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The Navy’s worst aircraft

The Brewster SB2A joined the Navy in 1943, but had so many deficiencies that it never served in combat. It was considered “under-powered and poorly constructed” and was only used for training by the Navy and Marines. But since it was a WWII dive-bomber, it was a must-have for my dive bomber collection.

The specific aircraft I have modeled was assigned to the Marines’ first night fighter squadron VMF(N)-531. As you can see, the Vac Form kit only contains a dozen pieces, so this was my deepest foray into scratch-building and kit-bashing to date. Based on advice from others on the web, I kept this kit on the shelf until I was able to procure a Monogram Pro-Modeler SB2C Helldiver kit to steal parts from. Now, those kits regularly run for $75-$80 dollars, which is a lot to spend for spare parts, so I bided my time. Eventually I found a Pro-Modeler kit for $55 on E_bay, and knowing that was a bargain, I bought it outright. That was still too much to pay for spare parts, though, so that one is going to get built someday to replace my Monogram moving-parts version.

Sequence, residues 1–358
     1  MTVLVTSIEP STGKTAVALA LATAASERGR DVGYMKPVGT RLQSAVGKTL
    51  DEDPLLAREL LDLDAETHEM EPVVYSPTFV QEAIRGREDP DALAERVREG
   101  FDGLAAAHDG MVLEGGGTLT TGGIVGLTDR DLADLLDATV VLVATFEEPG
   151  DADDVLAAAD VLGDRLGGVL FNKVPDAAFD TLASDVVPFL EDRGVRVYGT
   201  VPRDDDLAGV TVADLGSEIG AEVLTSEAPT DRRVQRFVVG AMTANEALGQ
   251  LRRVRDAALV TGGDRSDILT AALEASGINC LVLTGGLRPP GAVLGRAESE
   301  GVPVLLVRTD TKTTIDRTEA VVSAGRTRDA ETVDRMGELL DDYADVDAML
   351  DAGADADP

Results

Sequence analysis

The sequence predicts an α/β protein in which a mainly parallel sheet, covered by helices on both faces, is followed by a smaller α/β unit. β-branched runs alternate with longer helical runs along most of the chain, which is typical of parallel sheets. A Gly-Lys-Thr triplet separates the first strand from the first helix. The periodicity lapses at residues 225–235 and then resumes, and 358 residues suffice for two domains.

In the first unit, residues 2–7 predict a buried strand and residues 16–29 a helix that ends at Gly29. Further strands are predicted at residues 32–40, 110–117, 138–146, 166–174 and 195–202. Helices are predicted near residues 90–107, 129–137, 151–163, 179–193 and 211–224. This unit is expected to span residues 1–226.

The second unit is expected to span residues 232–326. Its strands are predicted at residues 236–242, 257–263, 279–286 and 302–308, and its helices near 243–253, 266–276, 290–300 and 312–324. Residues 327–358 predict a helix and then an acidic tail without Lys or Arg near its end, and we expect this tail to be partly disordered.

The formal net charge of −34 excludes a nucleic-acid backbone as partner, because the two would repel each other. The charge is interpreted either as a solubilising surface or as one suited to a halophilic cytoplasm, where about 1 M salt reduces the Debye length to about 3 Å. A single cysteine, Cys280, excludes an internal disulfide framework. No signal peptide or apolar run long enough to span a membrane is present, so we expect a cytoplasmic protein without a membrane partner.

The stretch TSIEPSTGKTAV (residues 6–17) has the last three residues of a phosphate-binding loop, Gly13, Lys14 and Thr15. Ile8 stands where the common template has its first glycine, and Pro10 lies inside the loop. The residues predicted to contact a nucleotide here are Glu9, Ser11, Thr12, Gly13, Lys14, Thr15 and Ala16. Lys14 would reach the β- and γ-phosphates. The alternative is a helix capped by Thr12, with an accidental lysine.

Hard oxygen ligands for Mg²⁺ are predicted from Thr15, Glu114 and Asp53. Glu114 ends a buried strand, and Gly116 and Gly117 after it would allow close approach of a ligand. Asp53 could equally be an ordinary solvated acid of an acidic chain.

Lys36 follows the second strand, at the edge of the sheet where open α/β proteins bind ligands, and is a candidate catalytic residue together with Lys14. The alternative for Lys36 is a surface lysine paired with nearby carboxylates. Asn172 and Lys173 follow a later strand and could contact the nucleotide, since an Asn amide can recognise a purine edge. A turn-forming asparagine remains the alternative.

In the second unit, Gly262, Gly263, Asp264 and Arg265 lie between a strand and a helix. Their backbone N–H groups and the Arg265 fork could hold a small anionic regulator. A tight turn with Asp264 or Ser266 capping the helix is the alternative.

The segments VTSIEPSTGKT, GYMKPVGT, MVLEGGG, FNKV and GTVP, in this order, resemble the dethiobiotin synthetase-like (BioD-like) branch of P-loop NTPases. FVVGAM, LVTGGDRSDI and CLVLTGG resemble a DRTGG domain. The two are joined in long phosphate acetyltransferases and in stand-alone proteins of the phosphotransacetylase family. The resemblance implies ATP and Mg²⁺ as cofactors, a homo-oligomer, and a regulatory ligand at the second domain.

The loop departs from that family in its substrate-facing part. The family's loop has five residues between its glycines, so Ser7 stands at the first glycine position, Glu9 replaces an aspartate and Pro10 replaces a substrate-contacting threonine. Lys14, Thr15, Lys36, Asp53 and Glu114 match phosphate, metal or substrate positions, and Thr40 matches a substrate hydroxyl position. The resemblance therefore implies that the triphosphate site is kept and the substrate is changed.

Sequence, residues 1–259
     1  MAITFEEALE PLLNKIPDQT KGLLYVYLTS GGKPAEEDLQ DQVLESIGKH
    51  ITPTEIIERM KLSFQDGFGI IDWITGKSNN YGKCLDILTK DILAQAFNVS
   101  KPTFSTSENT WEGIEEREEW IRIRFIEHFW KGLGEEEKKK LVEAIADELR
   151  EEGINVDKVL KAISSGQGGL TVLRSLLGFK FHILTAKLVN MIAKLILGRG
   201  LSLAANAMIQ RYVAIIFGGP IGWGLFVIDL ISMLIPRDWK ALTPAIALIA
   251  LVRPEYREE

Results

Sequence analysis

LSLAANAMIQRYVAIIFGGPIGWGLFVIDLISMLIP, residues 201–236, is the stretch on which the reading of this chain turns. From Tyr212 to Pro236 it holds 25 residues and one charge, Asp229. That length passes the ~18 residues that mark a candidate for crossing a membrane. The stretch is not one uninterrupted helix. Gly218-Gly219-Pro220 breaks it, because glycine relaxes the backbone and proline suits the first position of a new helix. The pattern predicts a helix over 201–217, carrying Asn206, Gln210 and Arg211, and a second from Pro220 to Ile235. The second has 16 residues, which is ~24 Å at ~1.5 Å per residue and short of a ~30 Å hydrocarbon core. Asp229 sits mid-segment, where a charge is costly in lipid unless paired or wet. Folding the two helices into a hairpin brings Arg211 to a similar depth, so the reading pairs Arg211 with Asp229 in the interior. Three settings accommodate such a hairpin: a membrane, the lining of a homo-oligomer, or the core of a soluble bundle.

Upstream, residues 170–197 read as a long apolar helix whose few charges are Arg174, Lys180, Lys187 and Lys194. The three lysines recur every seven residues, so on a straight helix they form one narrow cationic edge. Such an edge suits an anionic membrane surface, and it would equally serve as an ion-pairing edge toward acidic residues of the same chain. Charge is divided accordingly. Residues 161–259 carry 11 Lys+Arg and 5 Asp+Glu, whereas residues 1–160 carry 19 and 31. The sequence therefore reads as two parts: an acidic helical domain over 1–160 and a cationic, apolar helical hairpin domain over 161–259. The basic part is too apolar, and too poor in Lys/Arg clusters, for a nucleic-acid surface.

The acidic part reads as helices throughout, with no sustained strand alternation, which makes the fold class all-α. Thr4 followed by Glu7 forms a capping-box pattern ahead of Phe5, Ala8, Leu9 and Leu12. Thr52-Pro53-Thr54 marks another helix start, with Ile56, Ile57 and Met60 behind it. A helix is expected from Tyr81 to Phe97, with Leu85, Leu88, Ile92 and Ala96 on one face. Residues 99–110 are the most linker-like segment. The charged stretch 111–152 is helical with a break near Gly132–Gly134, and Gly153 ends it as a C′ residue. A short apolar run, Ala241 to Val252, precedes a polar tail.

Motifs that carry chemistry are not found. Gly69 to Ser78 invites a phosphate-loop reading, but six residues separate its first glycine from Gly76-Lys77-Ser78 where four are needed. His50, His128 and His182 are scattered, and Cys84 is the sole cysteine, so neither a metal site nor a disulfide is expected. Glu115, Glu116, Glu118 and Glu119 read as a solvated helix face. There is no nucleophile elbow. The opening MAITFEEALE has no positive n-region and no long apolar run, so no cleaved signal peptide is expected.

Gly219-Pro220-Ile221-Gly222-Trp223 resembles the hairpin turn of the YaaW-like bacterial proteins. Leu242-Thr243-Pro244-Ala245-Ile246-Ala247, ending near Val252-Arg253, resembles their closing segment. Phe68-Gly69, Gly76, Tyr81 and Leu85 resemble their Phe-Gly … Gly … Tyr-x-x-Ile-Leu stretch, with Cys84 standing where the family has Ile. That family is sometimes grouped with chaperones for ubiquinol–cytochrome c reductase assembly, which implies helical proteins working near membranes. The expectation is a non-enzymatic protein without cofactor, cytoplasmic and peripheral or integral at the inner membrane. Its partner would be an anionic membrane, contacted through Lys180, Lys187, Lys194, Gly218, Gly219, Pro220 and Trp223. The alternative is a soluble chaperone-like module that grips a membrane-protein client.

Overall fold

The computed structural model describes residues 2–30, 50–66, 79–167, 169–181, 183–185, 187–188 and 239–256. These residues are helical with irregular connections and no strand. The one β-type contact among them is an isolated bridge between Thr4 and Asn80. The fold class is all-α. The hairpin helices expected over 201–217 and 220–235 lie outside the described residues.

Sometime after that, I spied a Pro-Modeler kit on e_bay for $25! As parts go, that’s getting pretty cheap, so I snatched that one up right away. That kit provided a whole bunch of parts – pilot and gunner cockpits, instruments, machine gun mount, tires, wiring harness for the R-2800, bomb racks for the wings, and exhaust stacks for the engine. All of that, along with a Vector resin R-2800 to replace the white metal one that came with the kit, and I was set to begin building.

In order to not overtax my scratch-building skills, I chose to leave the bomb bay and the flaps closed (they were probably rarely opened on the real aircraft!). The instructions gave good advice about gluing the wings together before drilling out the holes in the dive flaps. I ignored this advice and drilled the holes out first, only to discover that the pilot indentations didn’t line up from bottom wing to top (grrr). Otherwise the pieces went together with very little filler needed, which was surprising. Despite my best efforts, the elevators are a bit crooked, but hopefully not too obvious.